Answer: I would have called 911 just to make sure. I doubt the authorities would think you were making much ado about nothing. After all, the push for carbon monoxide detectors and smoke alarms comes from officialdom, and many municipalities mandate that these devices be hard-wired into new houses or as part of a renovation. Some communities require that smoke detectors be located on every floor and outside bedrooms as a condition of a real estate transaction.
Even though your detector is a plug-in, it's possible an old or dead battery might have set it off, especially if there was a momentary, yet unnoticeable, loss of power to the outlet. As with smoke detectors, CO detector batteries should be tested regularly. Some detector/alarm models have test buttons to check whether the circuitry and the CO sensors are working; on other models, the test button checks only whether the circuitry is working. For those units that test circuitry only, some manufacturers sell separate kits to help the consumer check the CO sensor.
By the way, opening the doors to get fresh air circulating was the right idea, but if this ever happens again and a quick test doesn't explain it, call 911. Your life is worth it.
Q: We recently purchased a 65-year-old house with radiator heat. They are the old-fashioned, tall metal radiators. We have no idea how to care for and maintain them.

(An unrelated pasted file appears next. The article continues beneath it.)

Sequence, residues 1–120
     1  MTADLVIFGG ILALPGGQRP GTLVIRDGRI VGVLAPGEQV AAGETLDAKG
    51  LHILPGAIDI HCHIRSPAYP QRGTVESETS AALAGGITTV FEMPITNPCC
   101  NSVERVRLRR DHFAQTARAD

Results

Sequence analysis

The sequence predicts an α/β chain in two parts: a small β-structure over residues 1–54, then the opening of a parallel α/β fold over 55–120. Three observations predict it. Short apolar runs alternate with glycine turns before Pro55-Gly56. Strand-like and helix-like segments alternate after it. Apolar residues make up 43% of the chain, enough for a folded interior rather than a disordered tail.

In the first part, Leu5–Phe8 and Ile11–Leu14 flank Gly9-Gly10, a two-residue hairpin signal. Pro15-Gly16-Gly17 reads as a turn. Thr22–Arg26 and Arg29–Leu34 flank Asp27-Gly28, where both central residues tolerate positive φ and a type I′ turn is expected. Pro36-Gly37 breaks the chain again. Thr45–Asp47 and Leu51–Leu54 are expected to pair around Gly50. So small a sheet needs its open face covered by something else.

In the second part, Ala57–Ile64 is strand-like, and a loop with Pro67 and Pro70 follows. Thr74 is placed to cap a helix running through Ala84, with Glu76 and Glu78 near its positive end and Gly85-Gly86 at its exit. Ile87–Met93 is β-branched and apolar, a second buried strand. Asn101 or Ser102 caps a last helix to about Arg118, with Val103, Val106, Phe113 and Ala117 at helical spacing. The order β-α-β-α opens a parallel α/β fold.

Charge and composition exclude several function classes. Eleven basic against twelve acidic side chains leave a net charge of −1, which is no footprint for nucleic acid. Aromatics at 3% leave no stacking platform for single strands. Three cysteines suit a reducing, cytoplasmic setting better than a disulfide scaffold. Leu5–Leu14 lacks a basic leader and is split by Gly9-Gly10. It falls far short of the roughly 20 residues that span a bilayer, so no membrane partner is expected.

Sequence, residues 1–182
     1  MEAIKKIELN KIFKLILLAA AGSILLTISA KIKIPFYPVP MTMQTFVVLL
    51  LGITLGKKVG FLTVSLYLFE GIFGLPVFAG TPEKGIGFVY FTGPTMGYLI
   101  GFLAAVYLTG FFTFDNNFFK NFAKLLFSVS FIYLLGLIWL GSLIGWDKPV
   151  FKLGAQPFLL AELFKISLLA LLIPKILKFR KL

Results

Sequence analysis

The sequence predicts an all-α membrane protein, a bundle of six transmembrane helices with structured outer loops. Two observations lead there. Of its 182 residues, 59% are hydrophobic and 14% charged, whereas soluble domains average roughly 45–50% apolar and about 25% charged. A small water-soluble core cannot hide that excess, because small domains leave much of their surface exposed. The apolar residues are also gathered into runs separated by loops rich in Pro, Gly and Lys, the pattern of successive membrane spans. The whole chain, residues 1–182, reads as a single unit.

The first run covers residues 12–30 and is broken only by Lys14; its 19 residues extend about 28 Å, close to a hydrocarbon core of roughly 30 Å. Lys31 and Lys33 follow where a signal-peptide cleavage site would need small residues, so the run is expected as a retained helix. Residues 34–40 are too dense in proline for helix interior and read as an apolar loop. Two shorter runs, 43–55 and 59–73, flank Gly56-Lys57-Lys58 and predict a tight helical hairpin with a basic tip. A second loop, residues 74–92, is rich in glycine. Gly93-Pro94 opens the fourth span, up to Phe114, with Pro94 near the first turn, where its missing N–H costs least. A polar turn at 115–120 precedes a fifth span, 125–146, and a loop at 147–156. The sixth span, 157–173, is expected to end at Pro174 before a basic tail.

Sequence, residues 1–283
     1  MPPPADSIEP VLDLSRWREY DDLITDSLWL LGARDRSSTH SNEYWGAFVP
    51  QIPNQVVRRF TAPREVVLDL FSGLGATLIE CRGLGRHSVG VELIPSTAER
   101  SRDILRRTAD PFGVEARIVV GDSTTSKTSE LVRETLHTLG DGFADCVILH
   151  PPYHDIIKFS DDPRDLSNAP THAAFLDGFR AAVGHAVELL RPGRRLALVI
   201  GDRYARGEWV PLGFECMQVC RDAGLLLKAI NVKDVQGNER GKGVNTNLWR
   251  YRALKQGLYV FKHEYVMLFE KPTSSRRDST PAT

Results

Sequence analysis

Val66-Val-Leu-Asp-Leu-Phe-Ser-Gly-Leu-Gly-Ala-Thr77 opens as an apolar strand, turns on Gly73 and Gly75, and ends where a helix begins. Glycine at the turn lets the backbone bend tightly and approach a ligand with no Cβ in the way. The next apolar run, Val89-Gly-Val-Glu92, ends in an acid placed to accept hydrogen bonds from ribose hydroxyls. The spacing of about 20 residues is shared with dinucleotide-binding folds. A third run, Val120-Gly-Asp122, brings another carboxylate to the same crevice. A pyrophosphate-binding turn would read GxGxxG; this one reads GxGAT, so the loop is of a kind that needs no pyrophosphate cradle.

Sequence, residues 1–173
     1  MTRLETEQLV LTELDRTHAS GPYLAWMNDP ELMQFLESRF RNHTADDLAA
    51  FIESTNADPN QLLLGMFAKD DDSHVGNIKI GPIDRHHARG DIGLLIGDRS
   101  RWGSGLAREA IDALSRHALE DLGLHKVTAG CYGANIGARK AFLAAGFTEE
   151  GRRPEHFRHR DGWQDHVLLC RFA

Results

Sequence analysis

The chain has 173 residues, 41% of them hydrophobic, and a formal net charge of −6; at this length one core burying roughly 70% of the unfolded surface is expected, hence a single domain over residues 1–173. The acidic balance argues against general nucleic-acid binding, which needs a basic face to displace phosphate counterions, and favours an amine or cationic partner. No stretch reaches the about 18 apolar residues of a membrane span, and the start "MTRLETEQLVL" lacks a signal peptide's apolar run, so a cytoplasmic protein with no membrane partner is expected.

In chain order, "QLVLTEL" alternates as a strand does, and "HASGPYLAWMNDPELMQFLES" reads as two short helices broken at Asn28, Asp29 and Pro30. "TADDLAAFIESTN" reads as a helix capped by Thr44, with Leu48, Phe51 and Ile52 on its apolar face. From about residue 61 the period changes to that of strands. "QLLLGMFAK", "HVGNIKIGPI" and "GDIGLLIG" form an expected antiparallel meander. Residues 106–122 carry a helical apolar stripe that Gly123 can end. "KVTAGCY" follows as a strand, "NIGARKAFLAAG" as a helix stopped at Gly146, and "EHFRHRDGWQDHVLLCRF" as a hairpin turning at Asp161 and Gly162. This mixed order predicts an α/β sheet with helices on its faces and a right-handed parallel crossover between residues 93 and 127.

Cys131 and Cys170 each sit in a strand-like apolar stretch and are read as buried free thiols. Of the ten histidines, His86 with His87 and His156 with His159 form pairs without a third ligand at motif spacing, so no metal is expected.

A: First, I highly recommend a look at www.heatinghelp.com. The site operator, Dan Holahan, has posted a 1935 circular from the National Bureau of Standards talking about how and how not to paint radiators. It's informative if you can get past the ancient bureaucratese.
I've owned two houses with radiators, and I've built covers for many of them. The idea behind the covers, other than hiding ugly, is that you keep the heat rising from the radiators focused toward where the occupants of the house would benefit from it. Sometimes it works. Some experts suggest metal covers; others, decorative wood. I've had both; it didn't seem to matter.
Regarding maintenance, the advice I've followed is to wire-brush the old paint off the radiators and repaint them with high-heat enamel paint. Trouble is, volatile organic compounds in the paint remain for a long time during heating season, and the odor can be so overwhelming at the outset that you have to keep windows open.
Don't use latex paint. The heat will affect it quickly, and it will flake off. And since radiator heat tends to be relatively dry, someone will inevitably drape a wet bath towel over the radiator and rust stains will appear on the painted surface.
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